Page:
In the past couple of months, there have been some positive signs that construction is making a comeback in Northern California. In a big way.
I’ve covered three major projects online and in the Daily Pacific Builder that, once they really start moving, which could be soon, can jumpstart construction activity, especially for contractors and subs, as well as green builders and consultants.
Just last month, ground was broken on a new $280 million, 200-acre community at the University of California, Davis. The planners for West Village, located just west of the Davis campus, are analyzing how to combine energy-saving measures with a sophisticated “smart grid” or network for generating, storing and distributing energy. The goal of the project is to create a great place to live and a “zero net energy” community with aggressive energy efficiency measures and on-site renewable resources to meet the community's annual energy demand.
The developers are the West Village Community Partnership, LLC, a joint venture between Carmel Partners of San Francisco and Urban Villages of Denver. Carmel Partners will serve as general contractor.
Phase I of West Village will include rental apartment student housing, for-sale faculty/staff housing, mixed use (45,000 sq ft of ground floor commercial/office/service space with rental apartments above), recreation fields, neighborhood parks and greenbelts, pre-school/day care facility, a community college (60,000 sq ft) and a satellite high school for Davis Joint Unified School District.
MVE Institutional of Oakland is the architect for the walk-up apartments, Studio E of San Diego designed the mixed-use aspect and Pasadena-based LCRA designed the single family homes. Cunningham Engineering of Davis is the civil engineer on the project and SWA Landscape has also been contracted.
Completion of the first phase is scheduled for fall 2011.
Further south in the Central Valley, in the hard-hit city of Stockton, A.G. Spanos Cos. unveiled plans for The Preserve, a new community that will be “a model for environmentally and economically sustainable development.”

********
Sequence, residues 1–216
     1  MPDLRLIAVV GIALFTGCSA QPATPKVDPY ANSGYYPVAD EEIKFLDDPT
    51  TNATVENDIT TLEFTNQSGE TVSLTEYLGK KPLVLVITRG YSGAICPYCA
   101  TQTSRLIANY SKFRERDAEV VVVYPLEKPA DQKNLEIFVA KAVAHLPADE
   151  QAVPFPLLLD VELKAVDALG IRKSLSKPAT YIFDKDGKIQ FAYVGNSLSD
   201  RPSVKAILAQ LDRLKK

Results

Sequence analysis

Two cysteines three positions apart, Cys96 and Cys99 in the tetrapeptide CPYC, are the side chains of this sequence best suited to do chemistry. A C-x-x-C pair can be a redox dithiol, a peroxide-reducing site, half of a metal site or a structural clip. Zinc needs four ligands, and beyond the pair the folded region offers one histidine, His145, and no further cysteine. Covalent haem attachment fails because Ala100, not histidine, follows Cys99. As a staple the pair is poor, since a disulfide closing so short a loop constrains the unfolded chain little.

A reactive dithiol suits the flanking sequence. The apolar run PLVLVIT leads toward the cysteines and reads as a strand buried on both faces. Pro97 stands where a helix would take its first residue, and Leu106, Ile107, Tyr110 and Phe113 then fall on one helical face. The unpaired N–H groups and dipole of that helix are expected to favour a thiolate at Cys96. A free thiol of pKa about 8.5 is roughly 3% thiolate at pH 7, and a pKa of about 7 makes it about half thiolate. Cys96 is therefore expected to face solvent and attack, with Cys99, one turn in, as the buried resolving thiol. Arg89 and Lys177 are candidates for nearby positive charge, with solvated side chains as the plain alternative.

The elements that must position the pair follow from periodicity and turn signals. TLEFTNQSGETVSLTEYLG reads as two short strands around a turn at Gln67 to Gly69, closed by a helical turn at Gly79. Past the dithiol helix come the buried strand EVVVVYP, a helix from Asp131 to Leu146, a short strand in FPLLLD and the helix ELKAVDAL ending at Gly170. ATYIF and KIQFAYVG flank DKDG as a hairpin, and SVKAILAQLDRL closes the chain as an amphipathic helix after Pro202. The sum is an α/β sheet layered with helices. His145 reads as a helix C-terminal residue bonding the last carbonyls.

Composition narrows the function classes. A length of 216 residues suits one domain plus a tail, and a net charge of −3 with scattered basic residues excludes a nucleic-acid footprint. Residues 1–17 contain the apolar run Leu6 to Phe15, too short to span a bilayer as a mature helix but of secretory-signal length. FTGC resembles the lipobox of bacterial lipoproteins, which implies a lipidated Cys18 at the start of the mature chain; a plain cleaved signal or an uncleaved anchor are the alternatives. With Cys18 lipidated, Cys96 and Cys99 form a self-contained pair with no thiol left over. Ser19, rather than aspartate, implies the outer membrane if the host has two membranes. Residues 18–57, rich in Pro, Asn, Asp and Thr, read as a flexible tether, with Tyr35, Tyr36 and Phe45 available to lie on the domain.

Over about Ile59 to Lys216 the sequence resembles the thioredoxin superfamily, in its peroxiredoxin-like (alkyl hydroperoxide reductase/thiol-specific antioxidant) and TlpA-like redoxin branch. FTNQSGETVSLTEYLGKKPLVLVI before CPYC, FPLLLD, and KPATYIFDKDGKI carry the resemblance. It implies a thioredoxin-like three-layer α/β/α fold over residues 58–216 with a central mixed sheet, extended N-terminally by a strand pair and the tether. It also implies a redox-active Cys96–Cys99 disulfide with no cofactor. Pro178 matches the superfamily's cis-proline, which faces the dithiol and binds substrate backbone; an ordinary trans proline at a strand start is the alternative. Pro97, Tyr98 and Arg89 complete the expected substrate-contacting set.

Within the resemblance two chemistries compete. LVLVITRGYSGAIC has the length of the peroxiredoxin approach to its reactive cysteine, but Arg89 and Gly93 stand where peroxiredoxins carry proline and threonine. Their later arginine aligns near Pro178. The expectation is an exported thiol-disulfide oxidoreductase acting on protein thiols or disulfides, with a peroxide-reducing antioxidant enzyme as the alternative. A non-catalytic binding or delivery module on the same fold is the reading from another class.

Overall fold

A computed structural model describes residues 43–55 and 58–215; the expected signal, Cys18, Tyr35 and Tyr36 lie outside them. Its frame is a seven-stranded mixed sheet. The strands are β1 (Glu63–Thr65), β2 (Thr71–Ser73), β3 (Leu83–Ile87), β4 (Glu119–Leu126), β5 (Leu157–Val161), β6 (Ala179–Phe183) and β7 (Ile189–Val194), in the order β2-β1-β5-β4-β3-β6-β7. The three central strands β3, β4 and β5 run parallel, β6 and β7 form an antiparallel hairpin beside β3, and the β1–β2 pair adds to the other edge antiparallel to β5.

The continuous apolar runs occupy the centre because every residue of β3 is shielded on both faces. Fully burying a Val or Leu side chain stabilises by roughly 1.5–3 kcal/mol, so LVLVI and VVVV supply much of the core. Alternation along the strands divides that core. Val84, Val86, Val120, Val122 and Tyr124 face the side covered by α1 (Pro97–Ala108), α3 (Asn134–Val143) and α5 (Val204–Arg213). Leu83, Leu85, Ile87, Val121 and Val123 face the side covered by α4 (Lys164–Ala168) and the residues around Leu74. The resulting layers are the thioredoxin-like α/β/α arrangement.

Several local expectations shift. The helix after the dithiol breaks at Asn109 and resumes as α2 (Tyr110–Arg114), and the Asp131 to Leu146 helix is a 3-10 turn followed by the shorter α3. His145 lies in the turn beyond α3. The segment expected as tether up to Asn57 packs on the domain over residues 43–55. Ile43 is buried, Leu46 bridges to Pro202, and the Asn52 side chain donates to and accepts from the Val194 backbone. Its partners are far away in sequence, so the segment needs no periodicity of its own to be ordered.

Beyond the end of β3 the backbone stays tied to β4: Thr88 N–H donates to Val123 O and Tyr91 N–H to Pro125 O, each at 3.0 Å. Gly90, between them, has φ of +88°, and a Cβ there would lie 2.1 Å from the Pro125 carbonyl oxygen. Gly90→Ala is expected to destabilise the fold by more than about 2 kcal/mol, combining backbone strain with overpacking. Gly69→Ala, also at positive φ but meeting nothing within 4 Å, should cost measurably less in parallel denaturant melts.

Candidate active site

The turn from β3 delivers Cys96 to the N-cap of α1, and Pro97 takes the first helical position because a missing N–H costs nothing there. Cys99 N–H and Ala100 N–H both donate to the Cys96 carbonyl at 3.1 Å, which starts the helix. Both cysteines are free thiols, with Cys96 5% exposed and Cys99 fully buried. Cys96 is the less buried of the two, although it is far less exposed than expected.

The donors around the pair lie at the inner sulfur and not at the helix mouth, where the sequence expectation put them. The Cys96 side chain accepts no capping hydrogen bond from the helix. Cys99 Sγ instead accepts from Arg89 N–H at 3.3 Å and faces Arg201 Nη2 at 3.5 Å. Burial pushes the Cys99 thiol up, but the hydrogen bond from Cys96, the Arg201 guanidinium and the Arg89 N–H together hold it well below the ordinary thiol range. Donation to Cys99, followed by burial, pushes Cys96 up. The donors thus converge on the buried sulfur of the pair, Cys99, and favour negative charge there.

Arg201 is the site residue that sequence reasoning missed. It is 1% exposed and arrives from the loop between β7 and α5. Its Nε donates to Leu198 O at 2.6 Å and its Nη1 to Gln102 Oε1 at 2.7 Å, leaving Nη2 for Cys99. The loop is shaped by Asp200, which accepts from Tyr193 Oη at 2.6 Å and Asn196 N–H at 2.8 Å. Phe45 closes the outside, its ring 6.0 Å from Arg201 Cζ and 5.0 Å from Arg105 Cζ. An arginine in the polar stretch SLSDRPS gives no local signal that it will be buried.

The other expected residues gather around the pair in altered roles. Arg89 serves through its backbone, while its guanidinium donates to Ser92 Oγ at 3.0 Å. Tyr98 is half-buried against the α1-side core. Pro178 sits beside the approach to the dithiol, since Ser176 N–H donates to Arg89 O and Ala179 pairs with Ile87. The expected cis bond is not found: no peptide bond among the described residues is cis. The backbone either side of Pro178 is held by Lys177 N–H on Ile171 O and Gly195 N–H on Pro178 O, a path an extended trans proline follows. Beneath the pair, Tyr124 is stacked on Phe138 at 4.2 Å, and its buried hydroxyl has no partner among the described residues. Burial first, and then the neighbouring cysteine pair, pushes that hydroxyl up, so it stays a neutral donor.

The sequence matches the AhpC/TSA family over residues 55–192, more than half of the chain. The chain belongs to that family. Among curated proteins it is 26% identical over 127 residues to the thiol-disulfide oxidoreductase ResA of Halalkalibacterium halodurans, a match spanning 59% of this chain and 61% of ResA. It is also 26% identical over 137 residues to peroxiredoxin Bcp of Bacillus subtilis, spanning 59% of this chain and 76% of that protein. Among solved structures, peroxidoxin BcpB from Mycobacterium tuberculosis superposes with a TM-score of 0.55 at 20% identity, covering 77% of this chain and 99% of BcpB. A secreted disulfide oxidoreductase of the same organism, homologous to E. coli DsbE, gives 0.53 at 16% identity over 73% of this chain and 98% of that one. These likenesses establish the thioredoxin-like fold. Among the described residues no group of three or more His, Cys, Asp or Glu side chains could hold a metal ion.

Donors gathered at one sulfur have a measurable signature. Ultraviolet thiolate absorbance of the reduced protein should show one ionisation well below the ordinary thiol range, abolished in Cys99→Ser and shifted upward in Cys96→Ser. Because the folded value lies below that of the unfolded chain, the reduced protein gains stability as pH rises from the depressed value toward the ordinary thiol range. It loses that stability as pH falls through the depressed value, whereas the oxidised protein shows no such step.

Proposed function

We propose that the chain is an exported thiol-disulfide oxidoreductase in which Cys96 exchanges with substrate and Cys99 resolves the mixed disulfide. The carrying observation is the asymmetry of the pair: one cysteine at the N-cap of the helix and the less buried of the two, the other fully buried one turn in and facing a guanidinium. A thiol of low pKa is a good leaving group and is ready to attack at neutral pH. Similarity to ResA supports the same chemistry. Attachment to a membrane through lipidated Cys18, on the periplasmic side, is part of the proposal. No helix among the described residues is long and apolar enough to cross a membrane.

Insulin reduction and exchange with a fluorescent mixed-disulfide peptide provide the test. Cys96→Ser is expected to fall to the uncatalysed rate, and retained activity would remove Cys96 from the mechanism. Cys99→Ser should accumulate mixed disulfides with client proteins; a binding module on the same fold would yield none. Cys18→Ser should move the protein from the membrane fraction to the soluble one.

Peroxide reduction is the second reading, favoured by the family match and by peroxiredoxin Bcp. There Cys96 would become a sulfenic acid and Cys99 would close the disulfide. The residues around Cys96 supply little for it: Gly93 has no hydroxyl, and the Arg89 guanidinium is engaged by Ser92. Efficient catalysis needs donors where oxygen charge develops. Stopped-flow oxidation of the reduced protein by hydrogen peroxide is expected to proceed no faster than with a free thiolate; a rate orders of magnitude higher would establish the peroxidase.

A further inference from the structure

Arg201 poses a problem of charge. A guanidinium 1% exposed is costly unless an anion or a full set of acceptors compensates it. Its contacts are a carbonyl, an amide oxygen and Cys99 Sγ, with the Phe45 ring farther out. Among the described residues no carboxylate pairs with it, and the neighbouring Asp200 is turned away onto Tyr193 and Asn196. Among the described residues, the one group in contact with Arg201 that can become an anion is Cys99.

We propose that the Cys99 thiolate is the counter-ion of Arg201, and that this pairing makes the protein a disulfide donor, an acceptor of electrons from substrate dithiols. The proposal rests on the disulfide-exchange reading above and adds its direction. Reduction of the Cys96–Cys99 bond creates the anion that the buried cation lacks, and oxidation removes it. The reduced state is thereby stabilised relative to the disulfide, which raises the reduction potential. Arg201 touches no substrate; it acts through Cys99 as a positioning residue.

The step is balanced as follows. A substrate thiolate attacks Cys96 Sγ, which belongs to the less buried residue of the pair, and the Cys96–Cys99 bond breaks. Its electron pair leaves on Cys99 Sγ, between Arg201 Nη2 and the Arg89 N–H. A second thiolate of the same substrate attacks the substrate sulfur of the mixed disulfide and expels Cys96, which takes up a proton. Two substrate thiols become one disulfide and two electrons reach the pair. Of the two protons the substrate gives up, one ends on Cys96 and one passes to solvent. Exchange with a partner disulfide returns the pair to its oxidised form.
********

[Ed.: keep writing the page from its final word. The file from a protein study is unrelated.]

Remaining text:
The Preserve will generate a $2 billion investment, attract new businesses to Stockton, create 12,000 new jobs, add a new community hospital, reduce reliance on automobiles, and is projected to cut greenhouse gas emissions by at least 50% compared to typical developments, the firm said.
“These are tough times for Stockton, but my family has always had great faith in our city and its future,” says Michael Spanos, executive vice president of A. G. Spanos Cos. “Our new project comes at a time when our city needs help the most. The Preserve is unlike any other project in Stockton and I am very proud of the many innovations we propose to include.”
The Preserve is being planned as an eco-community by the San Francisco office of Gensler.
“We are thrilled to lead a team of scientists, experts, and planners on a project that will bring economic, environmental and social vitality to Stockton. The Preserve will introduce advanced sustainable practices and hopefully will serve as a model of responsible development for the rest of the country. For us this is a very exciting project,” says Michel St. Pierre, director of planning and urban design at Gensler.
And in Sacramento, Thomas Enterprises finally broke ground on The Railyards, its long-awaited mixed-use project. Teichert Construction was awarded the initial infrastructure phase of rehab grading Railyards Boulevard at The Railyards on the 5th Street, 6th Street, 7th Street Tunnel, and Railyards Boulevard Project. These projects will complement the Track Relocation Project, the historic shops abatement and rehabilitation, and the Jibboom/Bercut/Richards Boulevard work currently undergoing design.
Funded by a combination of federal, state, and local funds, these combined projects that currently employ hundreds will produce approximately 3,000 jobs over time, Thomas Enterprises says. This construction work comes as Sacramento copes with an unemployment rate of 11.3% in a region that has lost 44,600 jobs in past year.
Other bid packages will be awarded beginning in the third quarter this year, continuing through the fourth quarter of 2011.Pre-qualified prime contractors for the project include C.C. Myers Inc., DeSilva Gates Construction Co., Ford Construction Co. Inc., Granite Construction Co. Kiewit Pacific Co., Lund Construction Co., McGuire and Hester, Sundt Construction Inc., Teichert Construction and Western Engineering Contractors Inc.
The Railyards project recently was awarded $20 million in federal stimulus funds to move train tracks a few hundred feet north, making room for a transit center. The city has until Dec. 1 to show they are shovel ready for this phase.